In some places, there is a risk of poisoning from contaminated drinking water and other sources of pollutants. In 2006, some
In 2016, a review found evidence of antitoxic properties in spirulina that could make it useful alongside other treatments for counteracting pollutants, such as:
The authors suggested that spirulina could support clinical treatment in cases of pollutant poisoning, but larger studies are needed to confirm this.
A 2018 paper suggests spirulina could play a role in treating mood disorders.
However, more studies are needed.
People should speak with a doctor or another healthcare professional before using spirulina to boost their physical or mental well-being.
Spirulina is a blue-green algae product.
According to the National Institutes of Health (NIH), people have used doses of up to 19 g per day for a maximum of 2 months and up to 10 g per day for a maximum of 6 months.
People should not exceed the dose stated on the product label.
Research has not confirmed a safe upper limit for taking spirulina, but the NIH notes that taking too much can lead to:
The Food and Drug Administration (FDA) does not regulate spirulina, and some
These can lead to liver damage, vomiting, weakness, a rapid heartbeat, shock, and possibly death.
Spirulina may not be safe to use:
- during pregnancy
- for children
- with autoimmune diseases such as multiple sclerosis and rheumatoid arthritis, as it can increase immune activity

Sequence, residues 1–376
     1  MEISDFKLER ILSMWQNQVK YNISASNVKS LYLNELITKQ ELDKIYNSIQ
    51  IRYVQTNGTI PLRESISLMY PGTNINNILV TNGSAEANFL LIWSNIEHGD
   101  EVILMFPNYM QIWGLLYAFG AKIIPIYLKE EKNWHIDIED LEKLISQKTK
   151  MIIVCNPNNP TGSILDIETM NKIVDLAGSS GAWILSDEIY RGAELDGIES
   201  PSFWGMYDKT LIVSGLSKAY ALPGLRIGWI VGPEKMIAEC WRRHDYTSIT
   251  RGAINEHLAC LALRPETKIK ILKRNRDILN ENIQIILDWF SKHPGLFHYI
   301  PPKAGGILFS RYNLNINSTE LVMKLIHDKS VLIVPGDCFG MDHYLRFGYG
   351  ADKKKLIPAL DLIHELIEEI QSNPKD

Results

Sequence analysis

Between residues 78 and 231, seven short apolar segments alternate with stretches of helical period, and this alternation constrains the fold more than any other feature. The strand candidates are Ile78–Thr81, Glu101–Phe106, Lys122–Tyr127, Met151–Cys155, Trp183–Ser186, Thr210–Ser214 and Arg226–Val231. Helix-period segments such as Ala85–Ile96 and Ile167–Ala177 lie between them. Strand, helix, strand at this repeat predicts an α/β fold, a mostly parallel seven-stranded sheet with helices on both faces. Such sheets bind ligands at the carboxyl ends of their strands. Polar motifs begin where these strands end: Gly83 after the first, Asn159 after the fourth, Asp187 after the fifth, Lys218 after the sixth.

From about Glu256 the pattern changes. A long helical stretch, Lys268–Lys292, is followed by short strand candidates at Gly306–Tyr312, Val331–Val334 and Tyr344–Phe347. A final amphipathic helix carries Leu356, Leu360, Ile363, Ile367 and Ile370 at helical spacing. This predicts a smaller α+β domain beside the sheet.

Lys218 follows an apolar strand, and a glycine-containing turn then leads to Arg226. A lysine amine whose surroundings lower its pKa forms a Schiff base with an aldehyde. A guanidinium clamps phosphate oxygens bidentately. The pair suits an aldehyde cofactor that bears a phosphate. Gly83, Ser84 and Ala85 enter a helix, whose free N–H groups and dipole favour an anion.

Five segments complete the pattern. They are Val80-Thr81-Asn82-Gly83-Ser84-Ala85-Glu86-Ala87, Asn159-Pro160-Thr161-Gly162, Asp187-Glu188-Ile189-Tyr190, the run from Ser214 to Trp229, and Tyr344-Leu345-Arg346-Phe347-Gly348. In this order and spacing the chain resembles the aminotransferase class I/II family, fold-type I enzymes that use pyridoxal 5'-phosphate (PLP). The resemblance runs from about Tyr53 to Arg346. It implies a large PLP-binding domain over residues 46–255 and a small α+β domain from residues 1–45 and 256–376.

- before or after surgery, as it may affect blood glucose levels
Before taking spirulina, people should talk with a doctor to ensure it will not interact with other drugs and that it is safe for them to use.
They should also obtain spirulina and other supplements from a reputable source and ensure that the product has undergone safety testing.
The FDA has previously issued warnings about misleading claims for products sold online that contain spirulina.
There have also been some cases of allergic reactions to spirulina. An allergic reaction can sometimes lead to anaphylaxis, a life threatening health condition that can result in anaphylactic shock. Anyone who experiences swelling, hives, or difficulty breathing after consuming spirulina needs immediate medical attention.
Spirulina is available in powder or tablet form.
As a powder, people can:
- add it to smoothies, which gives the drink a green color
- sprinkle spirulina powder on salads or in soups
- mix it into energy balls with other healthy ingredients
- stir a tablespoon into fruit or vegetable juices
People can also take spirulina as a dietary supplement in tablet form.
Here are some questions people often ask about spirulina:
What does spirulina do to the body?
How does spirulina affect weight?
Is spirulina safe?
A person should always buy from a reputable source, check it has undergone testing, and follow the instructions on the label. It may not be safe during pregnancy, for children, and for those with an autoimmune disease. Some studies have found contamination in spirulina products, which could be dangerous.
Spirulina contains a range of nutrients and antioxidants that may make it suitable for treating or preventing various diseases.
However, more research is needed before doctors can recommend spirulina to treat any health condition.
Anyone interested in using spirulina as a supplement should first speak with a doctor. They should ensure they only purchase products from a reputable source, as there is a risk of contamination.